Vol.2, No.5, 391-394 (2010) Health
Copyright © 2010 SciRes. Openly accessible at http://www. scirp.org/journal/HEALTH/
Concurrent pulmonary Mycobacterium avium complex
(MAC) infection and active Hürthle cell thyroid
carcinoma: is there a connection?
Kara M. Meinke Baehr, Whitney S. Goldner*
University of Nebraska Medical Center, Department of Internal Medicine–Diabetes, Endocrinology, and Metabolism, Omaha, USA
*Corresponding Author: wgoldner@unmc.edu
Received 5 October 2009; revised 5 January 2010; accepted 8 January 2010.
We present two cases of pulmonary MAC infec-
tion in women with Hürthle cell thyroid carci-
noma. Both cases were asymptomatic octoge-
narian women with active Hürthle cell thyroid
carcinoma and prolonged periods of hypothy-
roidism prior to diagnosis of pulmonary MAC.
Mycobacterium avium complex has never been
reported in association with any type of thyroid
cancer, specifically Hürthle cell carcinoma. A
review of the literature and possible associa-
tions between the two are discussed in this ar-
Keywords: Hürthle Cell Thyroid Cancer;
Hypothyroidism; Mycobacterium Avium Complex;
Cellular Immunity
Hürthle cell thyroid carcinomas are a type of
well-differentiated thyroid carcinoma and are either
classified as a subset of follicular carcinoma or a sepa-
rate category of well-differentiated thyroid cancer [1].
Hürthle cell carcinomas usually produce thyroglobulin,
but are often less iodine avid, and are more aggressive
than the other types of well-differentiated thyroid carci-
noma such as papillary or follicular [2,3]. There is a fe-
male predominance with peak ages of incidence in the
seventh and eighth decades [2]. Specific treatment is
controversial, but generally total thyroidectomy and
remnant ablation is recommended [1]. Follow-up for
Hürthle cell thyroid cancer is similar to papillary and
follicular thyroid cancers, which entails anatomic imag-
ing of the neck and chest. This is usually done with neck
ultrasound and computed tomography (CT) scans of the
chest and occasionally neck; and when indicated,
TSH-stimulated I-131 whole body scan is performed.
Laboratory follow- up includes tumor marker evaluation
with serum thyroglobulin (Tg) and antibodies. Thyroid
hormone suppression is also a mainstay of therapy. De-
spite its more aggressive course, there are no known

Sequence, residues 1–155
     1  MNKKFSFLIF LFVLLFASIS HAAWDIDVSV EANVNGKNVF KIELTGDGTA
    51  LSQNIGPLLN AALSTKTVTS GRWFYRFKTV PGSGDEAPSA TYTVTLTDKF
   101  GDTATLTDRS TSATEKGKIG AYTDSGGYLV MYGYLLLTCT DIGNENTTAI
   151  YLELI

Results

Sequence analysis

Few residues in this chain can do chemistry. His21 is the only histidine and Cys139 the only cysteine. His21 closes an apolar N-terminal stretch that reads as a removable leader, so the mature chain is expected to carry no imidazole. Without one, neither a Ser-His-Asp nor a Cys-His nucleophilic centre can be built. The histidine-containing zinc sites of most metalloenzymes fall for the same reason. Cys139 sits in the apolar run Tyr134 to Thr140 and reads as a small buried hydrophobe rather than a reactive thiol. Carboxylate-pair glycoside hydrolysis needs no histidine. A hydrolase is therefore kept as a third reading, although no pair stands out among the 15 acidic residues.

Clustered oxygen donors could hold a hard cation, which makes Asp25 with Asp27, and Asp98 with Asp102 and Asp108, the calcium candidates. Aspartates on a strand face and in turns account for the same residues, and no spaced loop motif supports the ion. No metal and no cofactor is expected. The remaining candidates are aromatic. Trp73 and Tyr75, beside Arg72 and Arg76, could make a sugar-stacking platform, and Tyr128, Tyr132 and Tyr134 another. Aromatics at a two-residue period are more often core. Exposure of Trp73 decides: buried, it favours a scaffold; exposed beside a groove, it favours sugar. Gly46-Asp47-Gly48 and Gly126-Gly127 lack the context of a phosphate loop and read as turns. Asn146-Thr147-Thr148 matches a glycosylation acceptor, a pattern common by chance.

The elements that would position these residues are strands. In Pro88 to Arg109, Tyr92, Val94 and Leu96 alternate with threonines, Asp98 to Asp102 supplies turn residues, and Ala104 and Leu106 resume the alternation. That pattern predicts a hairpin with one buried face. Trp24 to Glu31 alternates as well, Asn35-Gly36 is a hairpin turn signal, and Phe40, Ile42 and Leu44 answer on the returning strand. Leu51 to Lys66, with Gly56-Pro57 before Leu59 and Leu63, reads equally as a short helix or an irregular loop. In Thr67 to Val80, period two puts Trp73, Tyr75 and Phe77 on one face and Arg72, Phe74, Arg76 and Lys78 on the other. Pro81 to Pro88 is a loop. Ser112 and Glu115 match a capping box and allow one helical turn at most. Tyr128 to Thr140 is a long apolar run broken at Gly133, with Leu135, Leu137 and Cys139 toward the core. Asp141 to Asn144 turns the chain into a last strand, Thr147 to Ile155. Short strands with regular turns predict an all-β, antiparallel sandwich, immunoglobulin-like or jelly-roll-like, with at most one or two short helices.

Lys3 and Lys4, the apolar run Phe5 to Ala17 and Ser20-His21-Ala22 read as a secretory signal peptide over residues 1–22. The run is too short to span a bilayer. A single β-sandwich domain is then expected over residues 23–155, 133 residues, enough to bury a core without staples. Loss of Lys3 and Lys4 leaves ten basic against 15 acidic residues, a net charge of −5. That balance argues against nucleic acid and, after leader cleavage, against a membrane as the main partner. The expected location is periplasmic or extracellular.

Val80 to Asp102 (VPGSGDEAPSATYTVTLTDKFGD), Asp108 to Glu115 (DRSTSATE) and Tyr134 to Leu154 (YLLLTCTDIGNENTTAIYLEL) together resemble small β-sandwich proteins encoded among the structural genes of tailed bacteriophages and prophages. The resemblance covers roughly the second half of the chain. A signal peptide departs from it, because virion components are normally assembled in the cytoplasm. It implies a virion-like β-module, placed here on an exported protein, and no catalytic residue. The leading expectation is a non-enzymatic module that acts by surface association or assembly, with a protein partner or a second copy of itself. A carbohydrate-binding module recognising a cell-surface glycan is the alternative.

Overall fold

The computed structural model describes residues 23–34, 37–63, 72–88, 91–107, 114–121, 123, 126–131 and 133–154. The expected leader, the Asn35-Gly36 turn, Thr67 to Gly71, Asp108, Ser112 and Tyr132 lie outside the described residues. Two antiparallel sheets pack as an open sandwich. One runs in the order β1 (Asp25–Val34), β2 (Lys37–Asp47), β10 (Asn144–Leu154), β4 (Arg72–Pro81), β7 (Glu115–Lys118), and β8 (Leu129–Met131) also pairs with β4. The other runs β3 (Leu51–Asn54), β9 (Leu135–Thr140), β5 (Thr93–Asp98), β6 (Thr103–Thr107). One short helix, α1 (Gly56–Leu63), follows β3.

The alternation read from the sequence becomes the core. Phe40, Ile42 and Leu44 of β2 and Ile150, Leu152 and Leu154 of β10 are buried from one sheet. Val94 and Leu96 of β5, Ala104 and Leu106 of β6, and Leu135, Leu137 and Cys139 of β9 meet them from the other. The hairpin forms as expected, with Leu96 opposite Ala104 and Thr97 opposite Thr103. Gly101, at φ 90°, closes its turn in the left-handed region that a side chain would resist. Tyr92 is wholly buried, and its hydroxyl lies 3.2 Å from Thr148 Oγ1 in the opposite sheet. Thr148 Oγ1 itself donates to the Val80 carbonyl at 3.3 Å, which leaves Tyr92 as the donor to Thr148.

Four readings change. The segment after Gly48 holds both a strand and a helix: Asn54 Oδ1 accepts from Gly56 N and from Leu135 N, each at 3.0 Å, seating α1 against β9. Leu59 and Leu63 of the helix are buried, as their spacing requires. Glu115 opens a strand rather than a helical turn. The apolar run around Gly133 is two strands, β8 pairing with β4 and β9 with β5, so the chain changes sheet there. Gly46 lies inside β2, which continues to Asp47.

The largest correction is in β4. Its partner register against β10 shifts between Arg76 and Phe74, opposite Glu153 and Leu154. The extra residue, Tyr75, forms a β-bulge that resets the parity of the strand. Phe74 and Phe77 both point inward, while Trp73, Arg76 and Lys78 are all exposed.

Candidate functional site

associations between Hürthle cell thyroid cancer and
immunocompromised states; specifically, there are no
published reports of Hürthle cell thyroid carcinoma and
pulmonary MAC infection.
MAC refers to mycobacterium infections caused by
free-living nontuberculous organisms that are inhaled or
ingested from the environment [4]. Among nontubercu-
lous species, MAC is the most common cause of pul-
monary disease in the United States. Diagnosis of pul-
monary MAC requires both imaging consistent with
pulmonary disease and microbiologic confirmation in a
symptomatic patient to necessitate treatment [4]. In-
creased rates of MAC in immunocompromised patients
with AIDS were reported in the 1990s; however, with
improved anti-retroviral therapies, MAC infections in
HIV infected patients have been declining [5]. The in-
creased susceptibility of patients with AIDS to dissemi-
nated nontuberculous mycobacteria infections helps pro-
vide insight into the pathogenesis of these infections in
non-immunocompromised hosts. Disseminated MAC
infections usually occur when the CD4+ T-lymphocyte
count is < 50 µl, suggesting that some intrinsic activity
of the T-lymphocytes is important for immunity to my-
cobacteria [6]. We present two cases of pulmonary MAC
infection in octogenarian women with active Hürthle cell
thyroid carcinoma.
2. CASE 1
Case 1 is a 79 year-old female initially diagnosed with
stage 2 Hürthle cell carcinoma (pathologic stage T2N0M0)
in February 1999. She underwent total thyroidectomy
and remnant ablation with 100 mCi of I-131. Posttreat-
ment scan showed uptake in the central neck consistent
with thyroid remnant without evidence of local or distant
K. M. M. Baehr et al. / HEALTH 2 (2010) 391-394
Copyright © 2010 SciRes. Openly accessible at http://www. scirp.org/journal/HEALTH/
metastases. She had no follow-up until 2006 when she
presented to our institution for evaluation of multiple
pulmonary nodules. Excisional biopsy of one of the le-
sions was consistent with metastatic Hürthle cell carci-
noma. Thyroid ultrasound showed no evidence of thy-
roid cancer in the neck. Thyroglobulin (Tg) was 136
ng/mL (goal < 0.1 ng/ml in remission) with negative anti-
thyroglobulin antibodies, and thyroid stimulating hor-
mone (TSH) of 11.5 mcIU/mL. I-123 whole body scan
showed uptake in the thyroid bed and superior medi-